What's the Point in Standing up for Forestry

It's pretty easy to get despondent about public policy and a negative public perception regarding forestry. At a "meet the candidates" session at the Blue Baths in Rotorua two weeks ago, Catherine Delahunty (# 6 on the Green Party list) told us that forestry "corporates" were providing propaganda to schools disguised as curriculum. This is news to anyone in the forestry industry. On one hand, we should rejoice that maybe someone is being proactive about providing the education system teaching resources (we haven't seen anything like this since the excellent Forestry Insights programme launched, perhaps, over 25 years ago?). But the reality is that it is doubtful anyone is doing this at all and maybe Catherine just made it up. If not, we would like details. The point is, why would a Greens candidate present this sort of negative stuff about the forestry sector - a relatively green-friendly land use in the scheme of things?

It's important that we all, as a sector, stand up and be heard, and take mis-informants to task. Kit Richards, PF Olsen's Environment Manager, amongst other things, spends some of his time responding to misinformation in the media (see Clear as mud in Wood Matters Issue 61). What's the point in doing that, you may ask, and why does it matter?

The problem with not responding is that the more forestry is portrayed negatively (e.g. a dangerous and environmentally damaging land use), the more public opinion is formed that forestry is bad. Does this matter? Yes it does. Let's consider a few scenarios.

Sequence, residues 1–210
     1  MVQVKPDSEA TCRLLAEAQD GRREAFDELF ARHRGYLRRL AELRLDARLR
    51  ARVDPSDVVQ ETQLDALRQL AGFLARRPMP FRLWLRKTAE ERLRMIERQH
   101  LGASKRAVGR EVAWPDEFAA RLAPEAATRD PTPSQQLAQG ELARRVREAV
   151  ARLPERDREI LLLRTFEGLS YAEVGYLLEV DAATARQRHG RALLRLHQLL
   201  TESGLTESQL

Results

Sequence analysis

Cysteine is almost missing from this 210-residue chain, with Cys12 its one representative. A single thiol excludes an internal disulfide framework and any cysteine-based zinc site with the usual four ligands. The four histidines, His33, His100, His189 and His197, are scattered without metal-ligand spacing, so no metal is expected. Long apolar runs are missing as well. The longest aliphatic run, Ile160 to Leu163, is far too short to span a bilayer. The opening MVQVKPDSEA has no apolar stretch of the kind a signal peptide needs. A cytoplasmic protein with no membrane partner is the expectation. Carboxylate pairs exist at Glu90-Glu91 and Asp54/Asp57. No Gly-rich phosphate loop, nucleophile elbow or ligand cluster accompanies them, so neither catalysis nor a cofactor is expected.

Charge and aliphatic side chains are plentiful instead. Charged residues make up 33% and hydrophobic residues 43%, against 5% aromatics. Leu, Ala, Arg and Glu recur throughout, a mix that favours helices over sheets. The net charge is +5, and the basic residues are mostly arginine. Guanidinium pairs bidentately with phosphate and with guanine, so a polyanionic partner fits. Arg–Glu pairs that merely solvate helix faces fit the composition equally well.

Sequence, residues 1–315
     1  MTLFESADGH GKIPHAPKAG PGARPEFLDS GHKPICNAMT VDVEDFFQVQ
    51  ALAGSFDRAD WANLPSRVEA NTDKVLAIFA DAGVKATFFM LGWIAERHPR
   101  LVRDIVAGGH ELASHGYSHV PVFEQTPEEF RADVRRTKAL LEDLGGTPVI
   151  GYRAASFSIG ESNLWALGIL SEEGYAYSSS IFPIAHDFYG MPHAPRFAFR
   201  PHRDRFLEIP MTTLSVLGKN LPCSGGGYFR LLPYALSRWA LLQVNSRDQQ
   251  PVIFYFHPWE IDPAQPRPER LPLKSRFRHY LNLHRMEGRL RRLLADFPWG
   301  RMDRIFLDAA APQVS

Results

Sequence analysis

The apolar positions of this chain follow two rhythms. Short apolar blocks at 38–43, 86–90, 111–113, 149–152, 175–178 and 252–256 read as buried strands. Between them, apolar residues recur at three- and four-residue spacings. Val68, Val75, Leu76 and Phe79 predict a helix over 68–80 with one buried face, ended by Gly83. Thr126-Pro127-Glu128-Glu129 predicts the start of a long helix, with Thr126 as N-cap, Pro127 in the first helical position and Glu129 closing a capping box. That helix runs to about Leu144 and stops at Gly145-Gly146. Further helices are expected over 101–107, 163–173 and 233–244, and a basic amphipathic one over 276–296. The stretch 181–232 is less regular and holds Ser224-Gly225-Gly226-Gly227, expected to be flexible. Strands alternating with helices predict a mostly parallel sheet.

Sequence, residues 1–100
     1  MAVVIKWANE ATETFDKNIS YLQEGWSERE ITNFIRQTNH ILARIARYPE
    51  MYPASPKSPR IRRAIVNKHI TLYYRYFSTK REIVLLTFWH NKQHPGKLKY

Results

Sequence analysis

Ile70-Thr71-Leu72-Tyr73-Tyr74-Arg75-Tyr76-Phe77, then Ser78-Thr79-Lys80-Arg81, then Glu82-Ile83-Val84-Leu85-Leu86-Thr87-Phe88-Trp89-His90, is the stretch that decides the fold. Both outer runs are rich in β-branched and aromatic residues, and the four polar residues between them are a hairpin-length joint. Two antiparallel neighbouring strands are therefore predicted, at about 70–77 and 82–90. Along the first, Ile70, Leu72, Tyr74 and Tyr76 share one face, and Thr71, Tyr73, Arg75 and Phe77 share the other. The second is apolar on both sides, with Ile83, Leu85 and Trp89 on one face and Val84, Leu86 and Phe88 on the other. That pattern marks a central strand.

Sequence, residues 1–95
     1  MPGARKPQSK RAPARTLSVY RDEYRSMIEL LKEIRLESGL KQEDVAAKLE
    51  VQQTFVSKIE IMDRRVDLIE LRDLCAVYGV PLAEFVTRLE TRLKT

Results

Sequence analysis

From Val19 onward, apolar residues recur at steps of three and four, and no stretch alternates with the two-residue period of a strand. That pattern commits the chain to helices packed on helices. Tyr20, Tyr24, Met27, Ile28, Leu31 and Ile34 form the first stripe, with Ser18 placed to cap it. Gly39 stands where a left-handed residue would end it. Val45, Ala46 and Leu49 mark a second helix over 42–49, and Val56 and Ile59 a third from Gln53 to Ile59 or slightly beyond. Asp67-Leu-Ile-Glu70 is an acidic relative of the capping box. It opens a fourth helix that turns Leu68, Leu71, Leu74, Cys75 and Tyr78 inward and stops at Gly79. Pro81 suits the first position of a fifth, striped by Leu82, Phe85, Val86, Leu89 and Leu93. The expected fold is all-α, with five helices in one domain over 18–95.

1. Young people choosing training, education or a career avoid forestry as it is not a "socially acceptable" industry to be involved in. Result – fewer qualified and trained people and a shortage of forestry managers, engineers and workers. This leads to delays in harvesting, trucking; lower quality services and poorer safety and environmental performance.

  2. A young planner graduates from university with a negative bias against forestry as a land use and ultimately becomes influential forming policy and rules for land plans – forestry is subjected to unnecessarily stringent rules and costs go up, forestry returns go down and there is less forest investment.

  3. Politicians get a sense that public opinion is negative about forestry. Government support for forestry goes down (e.g. R&D and training funding, trade support, Emissions Trading Scheme, no recognition of forestry's eco-services, no development of a National Forest Policy, disinterest in deforestation rates). All of these things result in a weaker forestry sector and lower returns for forest owners. Maybe we even get net deforestation of the national forest estate!

So, one of the things PF Olsen does is be proactive in advocating for forestry to try to educate the public and politicians about the value and benefit of forestry to help create a favourable operating environment for forest owners. PF Olsen is on every pan-industry/ cooperative/ association/ committee/working group and routinely takes a stand on important forestry issues. Most of this work is not paid for and has to be recovered from general income from other fee-paying services. And the reason we do it – is that (like Wood Matters) it matters!

Well managed forest
Well-managed plantation forestry is good for the economy and good for the environment. Forestry needs advocates to spread the word (and politicians to listen)!